Supporting students who are anxious Copy

The following short-term interventions are intended to help students who experience problematic anxiety gain enough confidence to join in regular classroom activities. When selecting these interventions, do so with the intention of phasing them out as students learn strategies to cope with their anxiety.

  • Use the check-in to establish a positive connection with students, explore and practise coping strategies they find helpful, and create a plan for using them during the day.
  • Establish a quiet, safe place in the classroom where students can go when they are feeling overwhelmed. Include sensory and creative materials.
  • Work with students to create a menu of acceptable places where they can take a break when needed (e.g., quiet space in the classroom, the counsellor’s office, in the hallway, at the water fountain).

  • Take note when students attempt something new or challenging and privately acknowledge their bravery.
  • Consider preferred seating options and include specific students in this decision.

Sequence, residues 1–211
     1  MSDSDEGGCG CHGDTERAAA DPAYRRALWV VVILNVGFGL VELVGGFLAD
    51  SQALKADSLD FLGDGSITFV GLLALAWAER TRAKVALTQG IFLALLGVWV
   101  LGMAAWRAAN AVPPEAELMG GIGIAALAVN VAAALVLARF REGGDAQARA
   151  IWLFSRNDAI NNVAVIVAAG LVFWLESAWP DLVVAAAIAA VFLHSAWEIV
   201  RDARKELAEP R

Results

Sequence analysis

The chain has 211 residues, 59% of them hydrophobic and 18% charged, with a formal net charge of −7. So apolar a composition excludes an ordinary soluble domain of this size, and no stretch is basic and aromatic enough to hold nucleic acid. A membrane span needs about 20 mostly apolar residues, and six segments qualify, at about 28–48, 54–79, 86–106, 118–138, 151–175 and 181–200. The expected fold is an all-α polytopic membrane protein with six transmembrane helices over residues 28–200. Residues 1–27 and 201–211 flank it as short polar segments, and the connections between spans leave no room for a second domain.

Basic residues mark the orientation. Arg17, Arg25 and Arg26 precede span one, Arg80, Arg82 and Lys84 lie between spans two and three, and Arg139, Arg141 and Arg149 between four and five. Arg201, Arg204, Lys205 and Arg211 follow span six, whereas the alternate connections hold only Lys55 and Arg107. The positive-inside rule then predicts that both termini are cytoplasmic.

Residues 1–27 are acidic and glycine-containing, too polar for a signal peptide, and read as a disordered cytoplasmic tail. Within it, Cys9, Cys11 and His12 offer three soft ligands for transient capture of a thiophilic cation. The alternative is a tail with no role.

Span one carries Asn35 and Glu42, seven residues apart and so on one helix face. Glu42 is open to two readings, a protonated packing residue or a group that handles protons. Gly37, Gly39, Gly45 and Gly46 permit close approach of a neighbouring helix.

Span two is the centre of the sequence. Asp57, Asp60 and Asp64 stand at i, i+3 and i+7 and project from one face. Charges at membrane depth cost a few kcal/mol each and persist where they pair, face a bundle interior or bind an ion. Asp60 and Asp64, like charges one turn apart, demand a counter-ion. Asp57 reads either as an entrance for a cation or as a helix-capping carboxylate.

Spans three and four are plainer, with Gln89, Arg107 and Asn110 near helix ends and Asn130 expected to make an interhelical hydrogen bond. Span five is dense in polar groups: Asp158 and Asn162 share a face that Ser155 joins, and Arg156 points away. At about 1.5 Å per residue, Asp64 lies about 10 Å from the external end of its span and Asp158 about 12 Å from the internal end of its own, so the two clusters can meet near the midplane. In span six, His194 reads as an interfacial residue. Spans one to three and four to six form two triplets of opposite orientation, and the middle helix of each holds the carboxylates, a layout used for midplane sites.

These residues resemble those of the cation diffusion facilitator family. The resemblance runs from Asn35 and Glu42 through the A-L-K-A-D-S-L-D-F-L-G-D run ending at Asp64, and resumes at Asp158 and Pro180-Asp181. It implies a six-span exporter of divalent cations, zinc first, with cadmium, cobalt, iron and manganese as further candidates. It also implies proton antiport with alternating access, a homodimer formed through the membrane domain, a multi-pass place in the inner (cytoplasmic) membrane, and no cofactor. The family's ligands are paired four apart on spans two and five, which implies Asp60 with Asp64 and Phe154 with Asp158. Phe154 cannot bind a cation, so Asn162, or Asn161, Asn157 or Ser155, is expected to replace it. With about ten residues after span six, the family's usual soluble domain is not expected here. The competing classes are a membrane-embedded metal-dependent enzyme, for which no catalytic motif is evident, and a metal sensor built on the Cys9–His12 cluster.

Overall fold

• Avoid establishing a pattern of exempting assignments or activities. Instead, help students gradually approach tasks or situations they feel anxious about by breaking them into small, manageable steps (see the EASE lesson Taking Brave Steps). Avoidance feels better in the short term, but it can increase anxiety over time.
  • Plan for a slow transition to begin the school day, allowing students to settle and setting them on a positive course for the day.
  • When necessary, implement a formal transition plan in which a child and youth care worker, educational assistant or counsellor welcomes and checks in with specific students daily (5 to 10 minutes).

  • Establish the use of a “break card” for students to silently signal when they need a break to gain control of their emotions.
  • Use the EASE Worry Scale to do additional check-ins during moments or tasks of concern.
  • Warn students about any expected changes in routine or schedule, and have a plan for coping with unexpected changes when they occur. For students who are extra-sensitive to sound, provide warnings about fire and safety drills in advance and work with them to create a plan that will help them feel safe during the drill.

Teachers and educational assistants are not expected to assess anxiety or other mental health problems or to provide counselling support. Instead:

  • Observe and document concerns.
  • Know how to refer students to additional supports at school and in the school district.
  • Work collaboratively with counsellors to provide caring support at school.
  • Work collaboratively with families to provide caring support across environments.
  • Learn about mental health through professional development opportunities and quality resources.

You can download this information in a PDF.